Three decades years ago, the v-word was associated with anger, politics and extremist views. Over the past few years, we’ve seen a shift from naked, blood- spattered vegan activists preaching in the streets and shaming those who eat meat – or even one of their own who might dare to admit they love the smell of bacon – to a calmer, more tolerant and relatable cohort of vegans who share their weak moments and support one another through the transition from meat-eater to plant-based eater.
For many vegans who were raised as meat-eaters, the process of giving up bacon sandwiches, ice cream, fried chicken wings, mac ‘n’ cheese, gourmet burgers and cheesy garlic bread is no easy feat. Perhaps unsurprisingly, according to the US Humane Research Council, 84% of vegans and vegetarians revert to eating meat at some point.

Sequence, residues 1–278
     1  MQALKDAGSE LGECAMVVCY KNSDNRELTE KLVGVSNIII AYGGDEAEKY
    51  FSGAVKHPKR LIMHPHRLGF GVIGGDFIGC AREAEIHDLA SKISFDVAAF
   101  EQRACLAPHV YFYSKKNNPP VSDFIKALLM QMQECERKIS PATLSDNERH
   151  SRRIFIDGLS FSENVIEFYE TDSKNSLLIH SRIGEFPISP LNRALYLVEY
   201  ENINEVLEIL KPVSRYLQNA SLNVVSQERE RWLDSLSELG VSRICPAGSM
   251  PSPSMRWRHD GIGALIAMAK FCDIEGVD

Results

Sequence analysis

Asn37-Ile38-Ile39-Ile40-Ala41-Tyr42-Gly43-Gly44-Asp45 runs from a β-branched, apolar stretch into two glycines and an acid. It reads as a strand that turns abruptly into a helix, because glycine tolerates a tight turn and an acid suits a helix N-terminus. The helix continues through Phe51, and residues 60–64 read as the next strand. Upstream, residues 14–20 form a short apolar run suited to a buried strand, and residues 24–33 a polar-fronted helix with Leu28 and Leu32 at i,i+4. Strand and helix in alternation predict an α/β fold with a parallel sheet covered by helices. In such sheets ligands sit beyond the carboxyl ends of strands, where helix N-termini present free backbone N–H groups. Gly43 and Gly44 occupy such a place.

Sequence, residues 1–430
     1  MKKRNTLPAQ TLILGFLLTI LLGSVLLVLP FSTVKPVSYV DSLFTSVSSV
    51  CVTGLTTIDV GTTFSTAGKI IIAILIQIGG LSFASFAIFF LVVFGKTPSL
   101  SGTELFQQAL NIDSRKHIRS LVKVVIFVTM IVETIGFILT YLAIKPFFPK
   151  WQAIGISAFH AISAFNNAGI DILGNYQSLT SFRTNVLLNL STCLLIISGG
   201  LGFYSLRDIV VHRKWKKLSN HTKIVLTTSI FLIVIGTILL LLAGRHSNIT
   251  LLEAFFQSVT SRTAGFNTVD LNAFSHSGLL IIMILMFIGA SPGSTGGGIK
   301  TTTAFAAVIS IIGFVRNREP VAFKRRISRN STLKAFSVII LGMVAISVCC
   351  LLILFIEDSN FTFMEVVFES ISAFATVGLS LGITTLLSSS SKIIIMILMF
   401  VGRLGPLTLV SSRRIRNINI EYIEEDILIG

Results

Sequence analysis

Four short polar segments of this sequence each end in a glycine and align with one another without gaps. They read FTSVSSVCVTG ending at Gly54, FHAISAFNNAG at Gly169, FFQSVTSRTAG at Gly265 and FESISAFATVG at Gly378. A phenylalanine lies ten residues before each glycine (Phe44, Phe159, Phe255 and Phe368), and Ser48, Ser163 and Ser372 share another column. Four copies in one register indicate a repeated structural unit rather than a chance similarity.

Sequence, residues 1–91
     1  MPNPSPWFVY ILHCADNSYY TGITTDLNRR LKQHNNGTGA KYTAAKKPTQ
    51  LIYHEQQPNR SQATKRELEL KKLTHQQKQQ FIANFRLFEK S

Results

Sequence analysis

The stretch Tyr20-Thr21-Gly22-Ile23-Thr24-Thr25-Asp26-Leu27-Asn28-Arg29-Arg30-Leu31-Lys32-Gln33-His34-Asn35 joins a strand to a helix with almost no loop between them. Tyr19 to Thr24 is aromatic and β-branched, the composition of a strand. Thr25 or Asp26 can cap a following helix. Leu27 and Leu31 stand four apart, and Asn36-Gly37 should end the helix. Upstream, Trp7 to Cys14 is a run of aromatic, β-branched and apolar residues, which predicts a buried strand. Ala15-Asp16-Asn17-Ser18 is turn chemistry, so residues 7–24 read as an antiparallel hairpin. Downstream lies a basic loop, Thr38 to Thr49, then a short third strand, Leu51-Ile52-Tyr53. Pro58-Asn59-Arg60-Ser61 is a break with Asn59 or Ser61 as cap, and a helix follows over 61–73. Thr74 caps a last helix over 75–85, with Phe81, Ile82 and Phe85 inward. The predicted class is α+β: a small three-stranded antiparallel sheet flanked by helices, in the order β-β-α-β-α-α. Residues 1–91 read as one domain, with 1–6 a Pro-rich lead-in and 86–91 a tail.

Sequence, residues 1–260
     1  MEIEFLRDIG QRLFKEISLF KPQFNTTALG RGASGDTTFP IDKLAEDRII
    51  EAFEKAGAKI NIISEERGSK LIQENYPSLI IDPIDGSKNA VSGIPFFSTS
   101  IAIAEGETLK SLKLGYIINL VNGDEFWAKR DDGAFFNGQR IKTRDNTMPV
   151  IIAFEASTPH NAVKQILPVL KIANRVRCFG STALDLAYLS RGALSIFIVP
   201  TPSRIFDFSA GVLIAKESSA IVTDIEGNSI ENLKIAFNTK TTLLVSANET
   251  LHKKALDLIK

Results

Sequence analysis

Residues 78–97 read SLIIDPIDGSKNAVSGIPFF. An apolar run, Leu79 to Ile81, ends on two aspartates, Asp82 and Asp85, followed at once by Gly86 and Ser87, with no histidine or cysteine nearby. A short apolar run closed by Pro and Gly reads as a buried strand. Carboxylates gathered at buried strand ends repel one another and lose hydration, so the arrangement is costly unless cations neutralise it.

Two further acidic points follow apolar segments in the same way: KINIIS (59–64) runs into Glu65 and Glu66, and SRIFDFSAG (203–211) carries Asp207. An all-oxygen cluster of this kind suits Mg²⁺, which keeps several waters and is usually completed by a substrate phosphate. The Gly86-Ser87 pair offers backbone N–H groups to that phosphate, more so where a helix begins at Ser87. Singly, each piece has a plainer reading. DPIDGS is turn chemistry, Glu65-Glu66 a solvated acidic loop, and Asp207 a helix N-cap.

Meat itself provides very little flavour; it’s those famous 11 herbs and spices that really hit the spot. Although the taste of meat is very easily replicated; in fact almost every meat-flavoured crisp you’ve ever eaten would have been vegetarian or even vegan. Still, a bacon Frazzle is not quite enough to satisfy those meat cravings. Perhaps there’s more depth to our experience of eating meat – something that engages all the senses and taps into our carnivorous instincts, and something that some vegans find themselves missing.
Vegan brands such as Temple of Seitan, Bora Bora, whose desserts include ice cream, and Vausages are thus focusing on creating gratifying vegan alternatives that are tender and succulent, that ooze and dribble, that evoke the sensory pleasures of eating meat and other animal-derived products. Vegans can now satisfy a desire for indulgent treats and classic comfort food without the need to compromise their morals.
Words → Cathrine Disney, Founder, Revolting Vegans @revoltingvegans
Photography → Louise Hagger
Styling → Alexander Breeze
Art Direction → Titia Dane, FranklinTill
Retouching → Darkroom Digital
Model → Anna Sofie Jespersen